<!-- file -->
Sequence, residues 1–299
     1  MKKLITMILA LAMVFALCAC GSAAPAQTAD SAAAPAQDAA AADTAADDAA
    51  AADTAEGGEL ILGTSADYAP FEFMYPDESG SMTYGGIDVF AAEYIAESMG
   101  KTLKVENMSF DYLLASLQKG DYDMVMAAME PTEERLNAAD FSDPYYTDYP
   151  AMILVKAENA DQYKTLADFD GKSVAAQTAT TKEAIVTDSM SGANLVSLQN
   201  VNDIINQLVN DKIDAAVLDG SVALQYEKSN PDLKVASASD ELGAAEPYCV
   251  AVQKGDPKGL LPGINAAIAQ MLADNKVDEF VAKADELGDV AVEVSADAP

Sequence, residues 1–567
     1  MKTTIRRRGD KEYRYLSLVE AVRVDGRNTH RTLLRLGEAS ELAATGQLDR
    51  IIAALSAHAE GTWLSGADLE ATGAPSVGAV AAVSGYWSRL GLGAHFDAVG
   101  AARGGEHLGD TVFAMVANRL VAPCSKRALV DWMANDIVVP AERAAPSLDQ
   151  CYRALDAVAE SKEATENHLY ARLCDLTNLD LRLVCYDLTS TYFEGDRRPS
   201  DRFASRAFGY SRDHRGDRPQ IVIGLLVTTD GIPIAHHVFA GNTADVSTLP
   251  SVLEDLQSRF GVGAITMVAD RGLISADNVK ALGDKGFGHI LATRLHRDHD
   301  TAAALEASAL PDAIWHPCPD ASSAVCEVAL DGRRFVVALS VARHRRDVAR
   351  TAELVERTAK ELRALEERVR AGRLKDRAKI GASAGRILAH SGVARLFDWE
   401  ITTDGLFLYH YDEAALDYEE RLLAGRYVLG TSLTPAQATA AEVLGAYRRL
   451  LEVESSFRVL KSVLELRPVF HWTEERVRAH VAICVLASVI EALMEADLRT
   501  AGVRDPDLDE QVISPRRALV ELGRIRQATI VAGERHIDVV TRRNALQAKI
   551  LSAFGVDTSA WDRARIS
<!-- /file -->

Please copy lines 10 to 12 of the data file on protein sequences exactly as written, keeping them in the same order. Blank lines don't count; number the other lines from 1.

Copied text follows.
    51  IIAALSAHAE GTWLSGADLE ATGAPSVGAV AAVSGYWSRL GLGAHFDAVG
   101  AARGGEHLGD TVFAMVANRL VAPCSKRALV DWMANDIVVP AERAAPSLDQ
   151  CYRALDAVAE SKEATENHLY ARLCDLTNLD LRLVCYDLTS TYFEGDRRPS